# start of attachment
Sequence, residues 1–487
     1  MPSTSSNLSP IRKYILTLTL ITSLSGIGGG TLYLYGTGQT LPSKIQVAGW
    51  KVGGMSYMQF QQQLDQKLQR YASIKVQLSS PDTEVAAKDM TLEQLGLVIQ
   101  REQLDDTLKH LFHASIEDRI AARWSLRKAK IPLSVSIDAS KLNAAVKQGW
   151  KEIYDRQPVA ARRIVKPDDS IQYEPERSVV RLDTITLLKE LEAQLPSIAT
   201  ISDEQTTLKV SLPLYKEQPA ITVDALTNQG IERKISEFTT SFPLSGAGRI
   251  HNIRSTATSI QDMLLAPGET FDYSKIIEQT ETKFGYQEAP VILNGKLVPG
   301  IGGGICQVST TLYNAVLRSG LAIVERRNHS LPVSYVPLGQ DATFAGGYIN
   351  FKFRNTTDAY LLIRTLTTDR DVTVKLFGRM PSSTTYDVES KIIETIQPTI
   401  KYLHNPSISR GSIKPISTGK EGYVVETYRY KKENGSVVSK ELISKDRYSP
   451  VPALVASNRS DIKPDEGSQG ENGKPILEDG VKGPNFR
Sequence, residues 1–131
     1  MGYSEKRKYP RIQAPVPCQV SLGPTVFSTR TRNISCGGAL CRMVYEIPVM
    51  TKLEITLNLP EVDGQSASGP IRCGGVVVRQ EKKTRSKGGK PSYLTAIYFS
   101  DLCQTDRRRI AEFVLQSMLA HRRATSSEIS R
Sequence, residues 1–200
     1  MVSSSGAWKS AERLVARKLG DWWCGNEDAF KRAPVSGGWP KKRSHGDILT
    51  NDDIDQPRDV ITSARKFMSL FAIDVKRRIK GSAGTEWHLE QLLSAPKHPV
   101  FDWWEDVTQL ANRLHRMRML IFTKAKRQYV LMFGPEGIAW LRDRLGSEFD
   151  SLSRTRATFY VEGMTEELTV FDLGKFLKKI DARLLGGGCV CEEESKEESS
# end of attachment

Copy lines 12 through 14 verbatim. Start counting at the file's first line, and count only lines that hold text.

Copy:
Sequence, residues 1–131
     1  MGYSEKRKYP RIQAPVPCQV SLGPTVFSTR TRNISCGGAL CRMVYEIPVM
    51  TKLEITLNLP EVDGQSASGP IRCGGVVVRQ EKKTRSKGGK PSYLTAIYFS